TRC Read to Kids

Welcome to The Reading Connection’s blog, where you’ll find the best guidance on reading aloud to kids. Whether you are a TRC Read-Aloud volunteer, parent or student, the book themes and crafts ideas, child development guidelines and recommended websites will expand your world. For 25 years, The Reading Connection has worked to improve the lives of at-risk kids by linking the magic of reading to fun experiences that inspire a passion for learning. Visit our website at

Wednesday, April 23, 2014

More ways to share poetry

Poetry works so well with kids; its brevity, vivid images, rhythm and emphasis on sound make it kid-friendly and useful with a wide range of ages.  

In our last blog post, poet and author Mary Quattlebaum suggested several general books of poetry for reading with kids from the toddler years through the preteen years. In this post, we focus on haiku, that familiar three-line, 17-syllable form that originated in Japan.  Its short lines and striking sounds and images are just right for kids. Here is a selection of books of haiku we especially like. The books are widely available in local libraries.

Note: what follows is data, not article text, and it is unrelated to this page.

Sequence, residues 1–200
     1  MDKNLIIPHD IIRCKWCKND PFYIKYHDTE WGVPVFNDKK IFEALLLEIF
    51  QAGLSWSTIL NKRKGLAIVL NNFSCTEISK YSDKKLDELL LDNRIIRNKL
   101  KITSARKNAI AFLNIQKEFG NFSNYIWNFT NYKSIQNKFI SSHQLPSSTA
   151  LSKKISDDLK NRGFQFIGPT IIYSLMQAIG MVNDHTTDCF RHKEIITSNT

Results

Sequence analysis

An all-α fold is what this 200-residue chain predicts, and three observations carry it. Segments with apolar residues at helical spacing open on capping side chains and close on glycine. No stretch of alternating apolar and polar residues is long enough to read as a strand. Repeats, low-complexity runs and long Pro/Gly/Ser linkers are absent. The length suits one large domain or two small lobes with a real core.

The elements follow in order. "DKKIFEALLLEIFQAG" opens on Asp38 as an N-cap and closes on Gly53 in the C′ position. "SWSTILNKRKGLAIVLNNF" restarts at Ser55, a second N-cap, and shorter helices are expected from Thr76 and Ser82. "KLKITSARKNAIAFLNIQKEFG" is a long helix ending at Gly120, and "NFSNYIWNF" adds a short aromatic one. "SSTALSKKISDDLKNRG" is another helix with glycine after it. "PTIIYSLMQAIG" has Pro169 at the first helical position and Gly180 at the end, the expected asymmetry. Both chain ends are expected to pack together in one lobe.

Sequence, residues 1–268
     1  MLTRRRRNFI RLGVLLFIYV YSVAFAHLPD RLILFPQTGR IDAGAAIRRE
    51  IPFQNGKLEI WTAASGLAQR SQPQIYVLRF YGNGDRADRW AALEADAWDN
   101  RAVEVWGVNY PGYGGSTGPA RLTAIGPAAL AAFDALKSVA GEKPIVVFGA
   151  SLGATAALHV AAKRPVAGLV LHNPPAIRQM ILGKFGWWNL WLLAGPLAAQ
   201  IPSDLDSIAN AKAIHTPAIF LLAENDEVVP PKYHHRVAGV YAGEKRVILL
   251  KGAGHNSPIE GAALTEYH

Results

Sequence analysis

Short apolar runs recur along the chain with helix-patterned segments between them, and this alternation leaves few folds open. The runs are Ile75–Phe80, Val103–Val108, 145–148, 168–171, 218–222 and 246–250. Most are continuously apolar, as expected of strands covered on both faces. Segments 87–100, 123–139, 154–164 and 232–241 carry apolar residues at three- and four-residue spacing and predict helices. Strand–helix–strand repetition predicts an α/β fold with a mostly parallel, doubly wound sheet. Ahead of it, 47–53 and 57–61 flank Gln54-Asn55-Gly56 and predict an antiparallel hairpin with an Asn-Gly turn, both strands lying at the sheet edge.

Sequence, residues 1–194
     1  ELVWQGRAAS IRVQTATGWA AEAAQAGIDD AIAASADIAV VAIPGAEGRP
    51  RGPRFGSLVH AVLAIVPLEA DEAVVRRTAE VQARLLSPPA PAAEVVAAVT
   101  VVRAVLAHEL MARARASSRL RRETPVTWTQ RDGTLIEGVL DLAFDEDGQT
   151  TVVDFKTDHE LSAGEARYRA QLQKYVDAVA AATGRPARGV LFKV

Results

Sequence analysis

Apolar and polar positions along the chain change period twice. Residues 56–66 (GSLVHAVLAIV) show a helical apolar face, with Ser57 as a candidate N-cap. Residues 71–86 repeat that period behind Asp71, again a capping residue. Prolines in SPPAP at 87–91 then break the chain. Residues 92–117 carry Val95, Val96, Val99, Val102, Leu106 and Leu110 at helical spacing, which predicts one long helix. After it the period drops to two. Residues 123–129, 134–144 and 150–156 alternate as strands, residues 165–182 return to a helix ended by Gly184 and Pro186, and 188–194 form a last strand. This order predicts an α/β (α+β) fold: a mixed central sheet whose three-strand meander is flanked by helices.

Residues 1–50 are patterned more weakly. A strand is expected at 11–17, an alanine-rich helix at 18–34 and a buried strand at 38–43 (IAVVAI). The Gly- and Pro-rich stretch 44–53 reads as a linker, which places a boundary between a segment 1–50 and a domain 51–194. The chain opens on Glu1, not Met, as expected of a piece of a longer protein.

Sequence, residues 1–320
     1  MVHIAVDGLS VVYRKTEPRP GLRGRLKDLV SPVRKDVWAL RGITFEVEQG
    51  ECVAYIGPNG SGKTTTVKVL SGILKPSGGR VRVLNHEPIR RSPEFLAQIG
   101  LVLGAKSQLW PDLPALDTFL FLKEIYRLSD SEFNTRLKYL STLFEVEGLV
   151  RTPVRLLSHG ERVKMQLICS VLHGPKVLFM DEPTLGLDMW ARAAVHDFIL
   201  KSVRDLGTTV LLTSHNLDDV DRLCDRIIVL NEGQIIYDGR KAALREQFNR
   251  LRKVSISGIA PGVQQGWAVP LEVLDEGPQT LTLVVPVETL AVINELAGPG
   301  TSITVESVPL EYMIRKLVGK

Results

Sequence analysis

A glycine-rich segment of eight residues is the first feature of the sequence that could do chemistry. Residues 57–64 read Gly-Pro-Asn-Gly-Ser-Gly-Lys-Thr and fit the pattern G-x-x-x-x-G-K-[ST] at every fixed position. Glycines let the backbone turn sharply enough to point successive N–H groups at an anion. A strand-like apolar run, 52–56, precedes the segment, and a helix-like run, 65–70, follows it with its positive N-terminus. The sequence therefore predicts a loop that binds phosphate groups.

Yum! MmMm! Que Rico! America's Sproutings by Pat Mora, illustrated by Rafael Lopez

A luscious collection of haiku celebrating foods native to the Americas, this book would do well accompanied by a snack of peanut butter sandwiches, blueberries, pineapple, or any of the other foods described in the poems. The pages combine whimsical illustrations with a short description of the fruit/vegetable's history in the western hemisphere. 

Round roly-poly
squirts seedy, juicy splatter,
Red bursts in your mouth. 

Won Ton:  A Cat Tale Told in Haiku by Lee Wardlaw, illustrated by Eugene Yelchin

A clever and endearing cat tells the story of his adoption from a shelter using a sequence of haiku. 

"The Shelter"
Nice place they got here.
Bed. Bowl, Blankie. Just like home!
Or so I've been told.  

Hi, Koo!  A Year of Seasons by Jon J. Muth

Hi, Koo! is the latest of Jon Muth's Zen panda series (Zen Shorts, Zen Ties, etc.). In this book, Muth presents poems and paintings on the seasons of the year, which is one of haiku's traditional subjects. Muth's lovely paintings of the young panda and three young human friends provide essential context for the poems and make this book a keeper.

Reading aloud
a favorite book
an audience of sparrows

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